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several times. in 2013, 2010, 2009, 2004. in that several times. in 2013, 2010, 2009, 200a. in that sense, i think we should be cautious on pinning it just on syria. it really could have happened, even in the absence of russian intervention. what will russia's steps be now, do you think? i think that russia will probably be reinforced to do even more against syria, to be even more committed to the assad regime and to help that regime as much as possible, go after not just islamic regime as much as possible, go after notjust islamic state but islamic state is in the process of imploding. ithink state is in the process of imploding. i think more and more, russia will go after other groups there. the al qaeda affiliates group and the groups that work alongside of al qaeda affair. in the idlib
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area, for example. furthermore, i think that there will probably be even more crackdowns at home, maybe we will see some incursions into the north caucasus area. i think it will depend on what we learn about the nature of this attacker and we still don't really know much about them. that will probably play a role in dictating the next steps. professor, we welcome your time with us, thank you. president trump has declared his strong support for the leadership of his egyptian counterpart, abdel fattah el—sisi. mrtrump said he counterpart, abdel fattah el—sisi. mr trump said he will work with cairo to fight islamist militants. he says that to abdel fattah el—sisi has done a fantasticjob in a difficult situation. south korea follows to an election. the man
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tipped to be the next president has formally been nominated. moonjae—in has been seen to take a softer line on north korea. china has announced it wants 80% of its citizens to speak its dominant dialect of mandarin within the next year. 0nly us percentage of people speak mandarin. spectacular pictures to show you now. this is south korea with this tallest building officially opened in seoul. to add company it, an enormous fireworks display from the skyscraper if self, also alongside music. also there was a simultaneous laser show. we were told that around 30 rounds of fireworks lit up sol‘s night sky.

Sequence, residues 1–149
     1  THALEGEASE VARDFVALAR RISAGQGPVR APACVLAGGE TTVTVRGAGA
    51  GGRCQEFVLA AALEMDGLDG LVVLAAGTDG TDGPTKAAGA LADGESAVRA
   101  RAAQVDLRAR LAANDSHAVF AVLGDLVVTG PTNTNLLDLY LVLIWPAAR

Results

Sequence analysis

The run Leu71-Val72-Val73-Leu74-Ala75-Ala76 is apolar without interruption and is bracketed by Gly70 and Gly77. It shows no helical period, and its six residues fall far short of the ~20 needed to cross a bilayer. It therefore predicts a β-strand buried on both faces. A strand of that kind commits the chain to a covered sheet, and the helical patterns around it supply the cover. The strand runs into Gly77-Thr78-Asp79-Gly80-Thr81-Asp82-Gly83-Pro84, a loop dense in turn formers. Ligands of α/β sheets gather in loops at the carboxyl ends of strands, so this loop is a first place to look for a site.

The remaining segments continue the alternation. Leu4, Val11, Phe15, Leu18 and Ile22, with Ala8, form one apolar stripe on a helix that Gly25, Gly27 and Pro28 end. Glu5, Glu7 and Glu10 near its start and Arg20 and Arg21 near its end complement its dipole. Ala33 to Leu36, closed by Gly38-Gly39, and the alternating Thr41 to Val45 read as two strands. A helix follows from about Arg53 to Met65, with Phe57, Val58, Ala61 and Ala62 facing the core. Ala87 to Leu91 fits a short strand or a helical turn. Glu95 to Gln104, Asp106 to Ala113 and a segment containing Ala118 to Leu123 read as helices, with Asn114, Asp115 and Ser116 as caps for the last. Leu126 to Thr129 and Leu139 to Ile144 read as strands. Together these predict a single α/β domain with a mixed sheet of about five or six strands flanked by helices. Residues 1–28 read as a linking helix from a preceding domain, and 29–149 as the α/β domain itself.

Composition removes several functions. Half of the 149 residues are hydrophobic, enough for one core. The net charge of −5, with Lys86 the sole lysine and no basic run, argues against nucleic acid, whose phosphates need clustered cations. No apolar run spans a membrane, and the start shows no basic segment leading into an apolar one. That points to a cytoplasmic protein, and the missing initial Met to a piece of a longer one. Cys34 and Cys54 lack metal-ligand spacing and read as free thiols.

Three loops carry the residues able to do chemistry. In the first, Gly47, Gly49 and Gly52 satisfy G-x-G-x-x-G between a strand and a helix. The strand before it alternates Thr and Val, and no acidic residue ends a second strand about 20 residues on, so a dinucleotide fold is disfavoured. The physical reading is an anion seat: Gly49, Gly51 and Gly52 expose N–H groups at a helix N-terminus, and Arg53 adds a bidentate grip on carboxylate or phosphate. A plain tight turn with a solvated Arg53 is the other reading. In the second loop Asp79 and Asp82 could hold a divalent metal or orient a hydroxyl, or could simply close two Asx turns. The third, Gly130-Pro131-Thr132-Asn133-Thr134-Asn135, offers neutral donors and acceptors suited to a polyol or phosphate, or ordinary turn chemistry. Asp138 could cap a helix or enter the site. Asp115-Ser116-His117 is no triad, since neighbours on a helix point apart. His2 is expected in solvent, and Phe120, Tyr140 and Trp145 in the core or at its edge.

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quite a sight. —— seoul. 0n on thursday, a high—stakes meeting is taking place between president trump and president xi. just days before the meeting, president trump has insisted the us will deal with north korea alone if china fails to help. what does that mean for a america's partners in the region such as japan and south korea? in a moment, we will be getting the opinion of an expert but first, we have been asking asian—americans in new york what they make of trump's attitude to asia. so what will the allies think of president trump's promised to deal with north korea alone? although he has come out the gate fighting, he seems to believe that china has the ability to basically change north korean puzzle that policy. we have seen lots of
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evidence that that is not the case. china is terrified that north korea will collapse and 25 and the people will collapse and 25 and the people will move across the border. they would rather seek stability in the area. it is not clear that there is area. it is not clear that there is a military response given that china next door. that north korea is heavily dependent on china economically so it is president trump right to ask or pressure china to put extra pressure onjohn young? in terms of the past, china has already done a lot. —— pyongyang. it is not clear it can do much more because if it creates chaos in north korea, that will only hurt it. one of the features of trump is it takes things at a bit of a gallop without understanding the details will stop it is hoped that wiser counsel will prevail because the last thing we
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would need is a crisis. of course there are other countries in the region which are involved, including japan and south korea. if trump follows through on his statement, what does it mean for the rest of asia? i think asia's quite nervous on trump. china is the made leading economic policy in asia mainly because of 0bama stepping back. japan would be worried about this. 0ne japan would be worried about this. one of the challenges is that we don't really know what trump thinks because his policies are stated during the election are a curious nature of aggression and isolationism. let's hope, if we look at previous meetings a lot of rhetoric has ended up with a fairly anodyne set of discussions. let's hope that that happens. you are watching newsday on the bbc. still to come on the programme. you